The Institute of Flight is losing its Paine Field home for its displays of airplane parts. Here's your chance to score some full-size sections of jet aircraft — if you can pay to haul them away.
Sure, you own a 20,000-square-foot megamansion after cashing in on that IPO. Now you need to decorate it.
How about these one-of-a-kind objets d’art?
There’s a nearly-life-size model of a Rolls-Royce Trent 1000 turbofan jet engine, the type that powers the Boeing 787 Dreamliner. Even at 90 percent scale, it comes in at about 10 feet in a diameter. The blades even spin after you plug it into an electric outlet.
That’ll impress guests at your next party.
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Or a 40-to-50-foot nose from a Boeing 727.
And 10-foot-high landing gear from a Boeing 777, with twin tires each a little under 4 feet in diameter.
Those are the big, big airplane parts available for the discerning collector in this unusual liquidation.
And you might have them for $1 each, although there is a hitch: The cost of hauling them away. For that, prepare to spend a few tens of thousands of dollars.
The smaller items, like a 5-foot “Magic Planet interactive,” that projects with a special lens into a big sphere, could fit into a minivan.
The reason for the sale is Boeing, which has long leased a portion of the Paine Field building that houses the Future of Flight Aviation Center & Boeing Tour, will now lease the entire building. This means the Institute of Flight, which has displayed numerous aviation items in a cavernous hall, will no longer have a home.
Before, Boeing used the waiting area in the large building, and the exhibits were run by the nonprofit Institute.
Snohomish County, which owns the building, decided the exhibits were, basically, too boring.
Now Boeing will be taking over the entire building, saying it hasn’t “finalized” its plans.
The plant tour will not change.
Arif Ghouse, director of the county’s airport at Paine Field, hinted at the Future of Flight’s future when he told The Seattle Times in February, “People who come here are absolutely blown away by the Boeing tour. The rest of the building, not so much.”
Asked whether Ghouse’s comment stung, Jeff Van Dyck, director of the institute, said, “Yeah, they did.”
He cites the center’s efforts, such as the various hands-on exhibits, and even the Friday 3 to 7 p.m. Happy Hour with food and drinks on the building’s “Strato Deck.”
But it’s tough, when your exhibits are mostly static objects, and we live in a short-attention culture in which you have two to three seconds to pull someone in.
Earlier this month, the county signed a letter of intent with Boeing, saying the “partnership comes at a perfect time,” with Paine Field set to have a commercial air terminal next year.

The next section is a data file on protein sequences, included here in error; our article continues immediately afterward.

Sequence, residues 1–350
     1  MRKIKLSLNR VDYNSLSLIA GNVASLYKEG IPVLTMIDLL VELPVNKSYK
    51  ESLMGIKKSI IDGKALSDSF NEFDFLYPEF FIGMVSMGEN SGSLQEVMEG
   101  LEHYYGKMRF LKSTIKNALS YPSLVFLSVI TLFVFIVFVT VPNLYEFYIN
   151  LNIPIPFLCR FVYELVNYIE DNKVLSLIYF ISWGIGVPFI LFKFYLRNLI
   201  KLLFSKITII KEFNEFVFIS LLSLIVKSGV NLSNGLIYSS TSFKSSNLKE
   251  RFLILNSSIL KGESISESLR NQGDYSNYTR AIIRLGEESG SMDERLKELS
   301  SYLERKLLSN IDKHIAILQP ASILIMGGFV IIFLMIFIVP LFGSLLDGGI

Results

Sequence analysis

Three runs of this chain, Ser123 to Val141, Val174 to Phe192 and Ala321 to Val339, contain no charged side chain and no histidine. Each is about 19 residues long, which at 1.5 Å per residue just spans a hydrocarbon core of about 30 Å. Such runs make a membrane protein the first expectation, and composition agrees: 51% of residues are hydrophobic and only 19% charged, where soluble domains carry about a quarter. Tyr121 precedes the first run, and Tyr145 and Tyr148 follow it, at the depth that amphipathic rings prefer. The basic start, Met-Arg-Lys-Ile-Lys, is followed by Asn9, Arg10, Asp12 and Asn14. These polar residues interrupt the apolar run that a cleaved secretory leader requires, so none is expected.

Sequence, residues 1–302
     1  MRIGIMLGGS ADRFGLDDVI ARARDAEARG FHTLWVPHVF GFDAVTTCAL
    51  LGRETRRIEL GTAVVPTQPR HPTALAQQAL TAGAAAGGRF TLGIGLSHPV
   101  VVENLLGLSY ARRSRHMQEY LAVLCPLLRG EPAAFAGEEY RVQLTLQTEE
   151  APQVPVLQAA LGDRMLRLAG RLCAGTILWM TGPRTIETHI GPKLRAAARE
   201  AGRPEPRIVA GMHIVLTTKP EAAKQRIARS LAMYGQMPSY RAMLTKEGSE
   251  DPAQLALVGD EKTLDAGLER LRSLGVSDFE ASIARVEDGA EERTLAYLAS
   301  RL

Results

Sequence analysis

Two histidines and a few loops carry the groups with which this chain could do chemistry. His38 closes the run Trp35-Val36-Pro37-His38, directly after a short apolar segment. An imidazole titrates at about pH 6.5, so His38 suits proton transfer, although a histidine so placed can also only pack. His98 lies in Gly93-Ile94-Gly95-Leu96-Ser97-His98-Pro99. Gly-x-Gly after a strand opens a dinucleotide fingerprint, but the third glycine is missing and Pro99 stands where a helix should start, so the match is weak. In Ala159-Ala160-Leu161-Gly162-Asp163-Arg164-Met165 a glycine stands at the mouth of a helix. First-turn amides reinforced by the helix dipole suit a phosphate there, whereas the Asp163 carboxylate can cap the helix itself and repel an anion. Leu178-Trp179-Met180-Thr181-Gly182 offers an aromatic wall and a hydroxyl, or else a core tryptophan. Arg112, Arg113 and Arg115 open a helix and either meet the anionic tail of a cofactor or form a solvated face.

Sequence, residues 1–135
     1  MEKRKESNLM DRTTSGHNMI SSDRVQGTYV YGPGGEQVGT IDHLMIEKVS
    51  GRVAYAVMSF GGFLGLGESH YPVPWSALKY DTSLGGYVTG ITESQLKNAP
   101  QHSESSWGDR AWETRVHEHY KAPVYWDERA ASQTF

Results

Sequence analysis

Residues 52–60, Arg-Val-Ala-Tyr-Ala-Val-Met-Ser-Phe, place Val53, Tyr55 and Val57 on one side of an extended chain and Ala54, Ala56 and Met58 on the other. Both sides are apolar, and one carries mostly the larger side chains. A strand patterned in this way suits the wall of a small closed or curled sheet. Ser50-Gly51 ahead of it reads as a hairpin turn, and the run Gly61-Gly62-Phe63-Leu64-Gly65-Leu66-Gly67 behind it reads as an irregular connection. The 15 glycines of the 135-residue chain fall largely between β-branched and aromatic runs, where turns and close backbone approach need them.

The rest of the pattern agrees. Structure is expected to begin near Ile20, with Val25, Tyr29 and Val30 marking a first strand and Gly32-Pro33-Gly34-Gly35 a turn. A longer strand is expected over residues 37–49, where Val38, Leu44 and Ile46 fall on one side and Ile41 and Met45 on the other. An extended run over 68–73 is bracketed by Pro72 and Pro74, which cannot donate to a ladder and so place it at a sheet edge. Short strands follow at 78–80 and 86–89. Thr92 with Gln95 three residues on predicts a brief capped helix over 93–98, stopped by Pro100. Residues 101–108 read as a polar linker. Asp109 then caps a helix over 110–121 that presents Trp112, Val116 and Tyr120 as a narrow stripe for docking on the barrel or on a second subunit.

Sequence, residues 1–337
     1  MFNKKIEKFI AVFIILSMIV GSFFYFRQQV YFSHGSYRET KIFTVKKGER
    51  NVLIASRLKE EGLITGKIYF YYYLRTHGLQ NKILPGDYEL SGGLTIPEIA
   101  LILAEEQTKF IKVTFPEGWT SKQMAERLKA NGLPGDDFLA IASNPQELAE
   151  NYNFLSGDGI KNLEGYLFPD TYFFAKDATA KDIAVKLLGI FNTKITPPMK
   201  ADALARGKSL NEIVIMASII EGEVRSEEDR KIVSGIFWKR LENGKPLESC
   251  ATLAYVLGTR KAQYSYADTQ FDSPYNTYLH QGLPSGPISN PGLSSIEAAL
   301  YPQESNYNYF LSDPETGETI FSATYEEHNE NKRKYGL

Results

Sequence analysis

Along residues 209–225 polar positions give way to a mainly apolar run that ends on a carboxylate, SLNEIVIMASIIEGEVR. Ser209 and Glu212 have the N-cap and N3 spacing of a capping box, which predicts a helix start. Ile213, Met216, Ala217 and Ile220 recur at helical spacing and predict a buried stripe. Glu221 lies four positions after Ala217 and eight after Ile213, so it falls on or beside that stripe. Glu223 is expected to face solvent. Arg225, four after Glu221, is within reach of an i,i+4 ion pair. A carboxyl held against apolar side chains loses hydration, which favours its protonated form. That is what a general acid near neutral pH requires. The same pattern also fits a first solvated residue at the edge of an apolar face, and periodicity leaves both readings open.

As of Oct. 11, the institute is out of the exhibit business and will close shop.
Says Van Dyck, “What Boeing wants, Boeing gets,” especially in a county dependent on so many jobs from the firm.
Now he and Peter Bro, director of the exhibits, are in the process of sorting what will happen to them all.
Some items, like two Glasair planes hanging from the ceiling, were on loan. Those planes are being returned to the Museum of Flight.
Van Dyck says its 30 employees have been told they can apply for positions once Boeing takes over. He and Bro say they’ll go onto other things, freelance work, something.
As for objet d’art collectors, there’s that 40- to 50-foot-long nose from a Boeing 727 at a minimal price, Van Dyck says.
The 727 was designed to service smaller airports with shorter runways. In its history of the jetliner, the company states, “Of all the early Boeing jets, the 727 had the most distinctive appearance, with its rakish T-shaped tail and its trio of rear-mounted engines. It carried billions of passengers on everything from short hops to cross-country flights.”
In its 22-year run that began in 1962, the 727 series had a production run of 1,832, the first commercial airplane to break the 1,000-sales mark.
This particular plane nose is a nice, shiny piece, with an “Eastern” logo. That’s the historic airline that ceased operation in 1991, and was the first one to fly a 727.
The plane made its maiden flight for Eastern in 1967 and was a workhorse for its owners.
In 1981, FedEx bought the plane, took out the seats and turned into cargo delivery, naming the aircraft “Marcella.” It was retired from service in 2004 and then used for parts in a restoration project.
Then the nose was repainted in the original Eastern colors and donated to the Future of Flight center.
“We’d sell it for as little as $1,” Van Dyck says.
In the small world of institutions or individuals who might be interested, he says, it’s the cost of hauling the thing that is the biggest factor.
Somebody in Boston was interested, until getting an estimate of $50,000 to move it across the country.
The big jet parts even come with nice explanation boards.
The signs with the 10-foot 777 landing gear explain that it’s one of the largest for a twin-engine, twin-aisle aircraft.
“The wonders of aircraft tires,” one of the boards explains. “The moments immediately after the touchdown of an aircraft, where typically there will be clouds of smoke and a piercing screech will be given off on the runway, seems somewhat dramatic. It looks worse than it really is.”
Van Dyck ponders junking this now-unwanted piece of aerodynamics.
“It’s got a lot of titanium,” he says.
At least a recycling yard will want it.